‘Rule of law remains elusive’

‘Rule of law remains elusive’

Zimbabwe has performed poorly in the area of observing fundamental human rights where it was ranked the worst country in the world at position 113

ZIMBABWE has performed dismally in the rule of law, with a United States of America-based World Justice Project (WJP) survey ranking the country at 108 out of a pool of 113 countries.
In sub-Saharan Africa, Zimbabwe is at position 17 out of 18 countries, performing only better than Cameroon. The WJP Rule of Law Index is the world’s leading source of original data on the rule of law.
The Index relies on more than 110 000 household and 3 000 expert surveys to measure how the rule of law is experienced and perceived in practical, everyday situations by the general public worldwide.
The 2017/18 report, which was published last week — the seventh in annual series — showed that the country’s position has not changed from the previous year, although there have been changes in some aspects measured by the survey.
SouthAfrica dropped one position to emerge on position 44 followed by Botswana (45), Malawi (66), Zambia (83), Tanzania (86),  Kenya (95) and Uganda (104). Performance is measured using 44 indicators across eight primary rule of law factors, each of which is scored and ranked globally and regionally.
The indicators include constraints on government powers, absence of corruption, open government, fundamental rights, order and security, regulatory enforcement, civil justice, and criminal justice.
Zimbabwe got its worst score in the area of fundamental rights where it was ranked the worst country in the world at position 113, worse than Egypt, Iran and Myanmar. In the area of constraints on government powers, at position 112, Zimbabwe was considered to be better than only Venezuela while in the absence of corruption, it emerged on the 106th position.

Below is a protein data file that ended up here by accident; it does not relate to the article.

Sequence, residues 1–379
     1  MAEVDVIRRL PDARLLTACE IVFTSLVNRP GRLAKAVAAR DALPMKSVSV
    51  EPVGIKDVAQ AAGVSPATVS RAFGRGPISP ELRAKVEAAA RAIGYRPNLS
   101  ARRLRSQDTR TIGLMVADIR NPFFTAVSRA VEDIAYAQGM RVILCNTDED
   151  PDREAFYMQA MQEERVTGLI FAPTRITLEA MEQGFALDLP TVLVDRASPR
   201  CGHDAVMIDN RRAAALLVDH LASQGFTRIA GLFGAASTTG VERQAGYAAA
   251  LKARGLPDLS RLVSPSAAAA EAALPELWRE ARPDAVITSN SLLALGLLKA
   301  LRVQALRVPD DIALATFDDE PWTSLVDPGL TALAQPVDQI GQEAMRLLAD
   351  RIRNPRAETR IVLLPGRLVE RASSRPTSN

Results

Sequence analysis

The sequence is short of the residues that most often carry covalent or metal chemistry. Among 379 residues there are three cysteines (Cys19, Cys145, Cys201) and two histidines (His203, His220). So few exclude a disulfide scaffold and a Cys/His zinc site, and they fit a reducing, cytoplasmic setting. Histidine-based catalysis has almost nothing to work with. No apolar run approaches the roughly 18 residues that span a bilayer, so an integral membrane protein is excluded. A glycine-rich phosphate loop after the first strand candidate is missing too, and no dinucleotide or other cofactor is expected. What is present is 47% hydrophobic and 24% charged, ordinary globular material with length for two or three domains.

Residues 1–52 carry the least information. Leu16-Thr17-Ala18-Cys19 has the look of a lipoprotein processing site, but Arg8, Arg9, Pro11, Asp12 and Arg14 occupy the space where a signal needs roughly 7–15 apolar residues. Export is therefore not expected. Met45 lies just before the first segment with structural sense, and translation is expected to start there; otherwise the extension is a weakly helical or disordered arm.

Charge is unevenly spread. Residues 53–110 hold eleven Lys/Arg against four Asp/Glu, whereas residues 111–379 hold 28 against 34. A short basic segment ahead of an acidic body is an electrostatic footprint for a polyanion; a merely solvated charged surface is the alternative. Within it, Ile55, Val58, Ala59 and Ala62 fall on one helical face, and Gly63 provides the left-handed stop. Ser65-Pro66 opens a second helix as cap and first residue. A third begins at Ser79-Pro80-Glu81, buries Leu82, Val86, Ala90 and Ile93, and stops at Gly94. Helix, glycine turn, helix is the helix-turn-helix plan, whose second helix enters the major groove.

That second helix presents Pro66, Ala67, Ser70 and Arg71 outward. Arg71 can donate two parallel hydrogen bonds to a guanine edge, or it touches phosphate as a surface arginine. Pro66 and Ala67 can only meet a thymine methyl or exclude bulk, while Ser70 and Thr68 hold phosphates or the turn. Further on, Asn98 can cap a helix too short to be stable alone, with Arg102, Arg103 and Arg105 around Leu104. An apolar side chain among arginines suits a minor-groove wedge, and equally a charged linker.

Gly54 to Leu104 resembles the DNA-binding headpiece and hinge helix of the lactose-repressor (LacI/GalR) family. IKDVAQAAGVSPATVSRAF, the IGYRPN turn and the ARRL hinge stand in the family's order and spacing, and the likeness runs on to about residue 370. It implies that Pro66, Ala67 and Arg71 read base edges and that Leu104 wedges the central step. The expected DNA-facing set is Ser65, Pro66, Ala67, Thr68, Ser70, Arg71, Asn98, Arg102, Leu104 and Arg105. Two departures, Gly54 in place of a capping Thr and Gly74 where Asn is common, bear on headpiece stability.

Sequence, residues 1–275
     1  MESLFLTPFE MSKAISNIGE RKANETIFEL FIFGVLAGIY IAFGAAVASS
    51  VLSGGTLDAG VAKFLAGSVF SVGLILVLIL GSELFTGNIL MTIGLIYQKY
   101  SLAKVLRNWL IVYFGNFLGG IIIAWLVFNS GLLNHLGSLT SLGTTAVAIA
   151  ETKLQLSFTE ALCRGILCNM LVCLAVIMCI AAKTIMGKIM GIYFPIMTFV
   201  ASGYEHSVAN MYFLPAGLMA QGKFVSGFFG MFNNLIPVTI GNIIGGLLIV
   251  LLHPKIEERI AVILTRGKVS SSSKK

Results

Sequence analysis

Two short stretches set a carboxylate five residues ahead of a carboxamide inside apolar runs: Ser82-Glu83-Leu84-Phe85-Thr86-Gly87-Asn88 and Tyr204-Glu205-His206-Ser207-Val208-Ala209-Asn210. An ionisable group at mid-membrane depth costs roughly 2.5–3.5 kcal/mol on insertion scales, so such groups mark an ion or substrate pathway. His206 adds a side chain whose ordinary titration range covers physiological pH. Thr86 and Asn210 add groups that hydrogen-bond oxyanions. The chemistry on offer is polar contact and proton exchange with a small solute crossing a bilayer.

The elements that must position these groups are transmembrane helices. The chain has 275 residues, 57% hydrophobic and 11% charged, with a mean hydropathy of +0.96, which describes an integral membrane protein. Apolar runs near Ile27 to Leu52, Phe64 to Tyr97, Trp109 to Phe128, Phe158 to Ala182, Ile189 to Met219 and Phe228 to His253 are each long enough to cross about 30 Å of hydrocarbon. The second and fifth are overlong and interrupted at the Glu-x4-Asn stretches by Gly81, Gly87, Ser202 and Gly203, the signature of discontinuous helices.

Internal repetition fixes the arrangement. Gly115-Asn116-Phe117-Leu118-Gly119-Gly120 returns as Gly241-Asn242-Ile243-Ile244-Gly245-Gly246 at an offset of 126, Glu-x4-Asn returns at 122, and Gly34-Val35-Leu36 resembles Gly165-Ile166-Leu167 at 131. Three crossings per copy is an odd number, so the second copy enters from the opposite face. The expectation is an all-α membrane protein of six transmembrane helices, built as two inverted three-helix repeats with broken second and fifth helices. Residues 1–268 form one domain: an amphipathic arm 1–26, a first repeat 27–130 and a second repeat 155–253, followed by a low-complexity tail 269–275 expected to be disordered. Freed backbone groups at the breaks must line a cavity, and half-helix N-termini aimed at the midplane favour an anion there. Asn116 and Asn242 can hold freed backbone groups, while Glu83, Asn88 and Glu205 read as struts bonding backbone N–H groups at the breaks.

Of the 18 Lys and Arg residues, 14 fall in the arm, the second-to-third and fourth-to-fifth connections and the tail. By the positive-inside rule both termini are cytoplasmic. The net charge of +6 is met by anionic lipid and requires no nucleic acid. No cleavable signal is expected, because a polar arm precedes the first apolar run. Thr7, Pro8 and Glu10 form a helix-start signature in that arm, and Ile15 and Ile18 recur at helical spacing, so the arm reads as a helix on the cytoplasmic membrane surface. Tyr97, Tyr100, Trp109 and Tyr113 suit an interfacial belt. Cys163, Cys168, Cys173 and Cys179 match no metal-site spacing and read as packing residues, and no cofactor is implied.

It was placed 107th in the area of enforcement of regulations, while in openness of government it landed position 109.
The list was topped by four Nordic countries, Denmark (1), Norway (2), Finland (3) and Sweden (4), with Netherlands being on position five. Britain was on 11, while the United States took the 19th spot.
“Effective rule of law is the foundation for communities of equity, opportunity, and peace,” said William H Neukom, WJP founder and chief executive officer.
“No country has achieved a perfect realisation of the rule of law. The WJP Rule of Law Index is intended to be a first step in setting benchmarks, informing reforms, stimulating programs, and deepening appreciation and understanding for the foundational importance of the rule of law.”
The research was conducted before the new political dispensation that came after the ouster of Robert Mugabe under a military-led operation.
He was replaced by Emmerson Mngangagwa, who has started re-engagement with the world, and promised compensation to former white commercial farmers that were violently dispossessed of their land during the country’s land reform programme.
He has also promised to overhaul the country’s indigenisation laws, among other major policy shifts that are meant to endear the country to the outside world.
The rule of law is one of the key factors that are considered key in attracting foreign investment to any country.

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